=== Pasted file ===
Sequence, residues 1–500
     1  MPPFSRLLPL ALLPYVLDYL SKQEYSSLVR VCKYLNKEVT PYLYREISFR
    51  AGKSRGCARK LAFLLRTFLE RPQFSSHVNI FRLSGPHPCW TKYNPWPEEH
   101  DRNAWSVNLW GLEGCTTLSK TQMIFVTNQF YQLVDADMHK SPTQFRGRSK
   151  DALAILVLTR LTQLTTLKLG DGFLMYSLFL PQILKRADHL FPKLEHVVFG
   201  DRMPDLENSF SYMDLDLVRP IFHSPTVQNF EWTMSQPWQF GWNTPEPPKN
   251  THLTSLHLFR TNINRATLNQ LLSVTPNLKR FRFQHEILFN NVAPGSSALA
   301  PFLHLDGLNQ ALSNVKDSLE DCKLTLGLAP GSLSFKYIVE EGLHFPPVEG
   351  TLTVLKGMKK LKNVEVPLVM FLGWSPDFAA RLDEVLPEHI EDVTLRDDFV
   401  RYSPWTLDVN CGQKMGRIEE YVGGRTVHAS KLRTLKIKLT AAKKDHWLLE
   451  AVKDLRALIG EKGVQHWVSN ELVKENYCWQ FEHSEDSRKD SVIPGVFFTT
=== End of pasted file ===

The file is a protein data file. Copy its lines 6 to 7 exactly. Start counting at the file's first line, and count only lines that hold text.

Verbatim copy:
   201  DRMPDLENSF SYMDLDLVRP IFHSPTVQNF EWTMSQPWQF GWNTPEPPKN
   251  THLTSLHLFR TNINRATLNQ LLSVTPNLKR FRFQHEILFN NVAPGSSALA